The study findings suggested no association between BF duration and LDS scores but adjustments for confounders showed a possible protective effect of longer BF duration against delayed language development. Mothers’ age, working status, family income, and children number of siblings were likely to affect the relation between BF duration and language development. Previous studies confirmed that the above variables were potential confounders need to be considered to reveal the relation between BF duration and cognitive development including vocabulary improvement.
In addition, impacts of breastfeeding to cognitive development in post-infancy are still discussed in many studies. Results from previous studies, a meta-analysis, showed that breastfeeding was associated with cognitive development compared to formula feeding . In 2013, a systematic review emphasized confounding factors that might influence the relationship between BF duration and cognitive development . Up until now, studies on BF duration still found various result regarding the best BF duration to influence cognitive and language ability. Studies on BF duration range from less than 6 months, exclusive BF ( 6 months), more than 6 months, 12 months, to more than 12 months. Interestingly, some studies found BF duration 3 to 6 months was enough to support early and late years of children’s language development . Also, previous study confirmed mother who continues 6 months-BF consistently having intelligences (including vocabulary development) increased until children reach 15 years old. Conversely, Iqbal et al studied the association between BF and cognitive and language development suggested the need to lengthen breastfeeding duration to more than 12 months to get significant increase on both cognitive and language development. Similar to our result, although not significant, a trend to BF duration > 18 months seemed to protect children’s language delay. Otherwise, a study that examined cognitive and noncognitive development of children found no association once the children reached five years old. This study also highlighted mothers' education background as an important factor that influence children's cognitive development . It seemed a number of studies about BF duration and cognitive development were influenced by children age and assessment methods used.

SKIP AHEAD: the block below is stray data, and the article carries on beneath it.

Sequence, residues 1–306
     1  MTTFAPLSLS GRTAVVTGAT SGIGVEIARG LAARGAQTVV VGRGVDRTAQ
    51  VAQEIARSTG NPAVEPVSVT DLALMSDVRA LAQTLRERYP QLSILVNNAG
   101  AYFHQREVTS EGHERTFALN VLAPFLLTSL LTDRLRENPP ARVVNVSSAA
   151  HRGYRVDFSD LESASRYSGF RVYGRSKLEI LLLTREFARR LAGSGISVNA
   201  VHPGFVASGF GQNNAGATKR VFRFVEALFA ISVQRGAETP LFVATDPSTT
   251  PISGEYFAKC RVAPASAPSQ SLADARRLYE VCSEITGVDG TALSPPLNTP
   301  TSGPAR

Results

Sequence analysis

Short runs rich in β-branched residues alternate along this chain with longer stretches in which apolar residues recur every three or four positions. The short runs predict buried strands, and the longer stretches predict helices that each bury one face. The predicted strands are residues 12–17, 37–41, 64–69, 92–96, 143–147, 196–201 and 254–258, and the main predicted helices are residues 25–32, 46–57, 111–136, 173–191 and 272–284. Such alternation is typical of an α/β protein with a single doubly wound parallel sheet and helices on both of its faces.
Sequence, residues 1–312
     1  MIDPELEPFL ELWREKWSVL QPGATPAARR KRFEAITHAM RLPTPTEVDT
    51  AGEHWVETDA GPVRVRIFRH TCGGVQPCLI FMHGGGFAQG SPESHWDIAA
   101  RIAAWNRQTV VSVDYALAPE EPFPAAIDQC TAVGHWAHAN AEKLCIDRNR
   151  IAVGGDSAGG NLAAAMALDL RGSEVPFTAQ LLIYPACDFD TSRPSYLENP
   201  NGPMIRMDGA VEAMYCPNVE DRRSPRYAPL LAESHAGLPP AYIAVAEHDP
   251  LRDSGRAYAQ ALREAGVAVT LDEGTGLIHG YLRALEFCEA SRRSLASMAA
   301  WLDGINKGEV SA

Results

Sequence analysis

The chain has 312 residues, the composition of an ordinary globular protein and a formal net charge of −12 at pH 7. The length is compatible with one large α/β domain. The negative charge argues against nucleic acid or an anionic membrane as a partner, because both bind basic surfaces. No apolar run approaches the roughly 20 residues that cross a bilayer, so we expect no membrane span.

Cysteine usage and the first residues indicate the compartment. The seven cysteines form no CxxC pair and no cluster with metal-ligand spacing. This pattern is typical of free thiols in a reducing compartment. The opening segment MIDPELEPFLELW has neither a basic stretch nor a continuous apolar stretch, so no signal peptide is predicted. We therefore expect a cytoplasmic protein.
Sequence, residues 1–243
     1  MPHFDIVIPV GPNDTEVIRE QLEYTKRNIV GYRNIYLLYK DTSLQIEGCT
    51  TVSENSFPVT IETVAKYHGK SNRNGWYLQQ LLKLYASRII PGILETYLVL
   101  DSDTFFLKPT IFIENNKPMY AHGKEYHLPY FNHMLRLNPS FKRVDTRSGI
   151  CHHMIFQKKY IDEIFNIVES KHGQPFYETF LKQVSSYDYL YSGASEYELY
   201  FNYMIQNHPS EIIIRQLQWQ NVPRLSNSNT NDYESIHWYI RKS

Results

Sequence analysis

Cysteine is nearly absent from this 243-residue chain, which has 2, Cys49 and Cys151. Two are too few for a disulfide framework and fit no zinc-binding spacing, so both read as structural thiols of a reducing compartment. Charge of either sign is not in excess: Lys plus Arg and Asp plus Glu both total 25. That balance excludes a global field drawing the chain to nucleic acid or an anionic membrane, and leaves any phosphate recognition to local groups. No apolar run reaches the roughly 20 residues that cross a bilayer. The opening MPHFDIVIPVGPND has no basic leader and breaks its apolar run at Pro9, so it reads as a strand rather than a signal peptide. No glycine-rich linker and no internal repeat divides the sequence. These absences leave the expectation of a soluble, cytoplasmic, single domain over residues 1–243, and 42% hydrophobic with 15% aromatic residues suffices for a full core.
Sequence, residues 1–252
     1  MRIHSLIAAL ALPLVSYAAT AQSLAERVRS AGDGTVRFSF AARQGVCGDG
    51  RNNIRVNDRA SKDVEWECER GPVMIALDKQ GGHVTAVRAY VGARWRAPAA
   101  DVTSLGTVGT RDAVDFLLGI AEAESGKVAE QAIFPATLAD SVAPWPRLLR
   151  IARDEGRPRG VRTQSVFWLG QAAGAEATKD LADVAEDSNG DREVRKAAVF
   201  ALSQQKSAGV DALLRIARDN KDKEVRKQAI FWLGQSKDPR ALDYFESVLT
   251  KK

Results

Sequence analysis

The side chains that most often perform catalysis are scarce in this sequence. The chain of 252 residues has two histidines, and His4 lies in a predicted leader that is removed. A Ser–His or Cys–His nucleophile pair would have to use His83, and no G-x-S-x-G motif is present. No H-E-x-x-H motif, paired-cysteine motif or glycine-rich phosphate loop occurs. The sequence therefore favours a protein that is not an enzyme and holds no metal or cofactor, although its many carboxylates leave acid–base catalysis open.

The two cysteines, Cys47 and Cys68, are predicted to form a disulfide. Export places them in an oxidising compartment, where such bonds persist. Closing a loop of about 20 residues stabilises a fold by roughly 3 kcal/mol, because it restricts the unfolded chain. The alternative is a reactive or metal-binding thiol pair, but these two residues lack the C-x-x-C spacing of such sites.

In terms of breastfeeding duration and improvement of cognitive ability, there are two mechanisms attributed to this correlation. First, human milk contains a specific fatty acid called PUFA (DHA and ARA) that contribute to the myelination of brain neurons and to support cognitive development.. Secondly, breastfeeding provides emotional intimacy between mother and children that stimulate positive emotional expressions, reduce antisocial and aggressive behavior that related to cognitive development of children.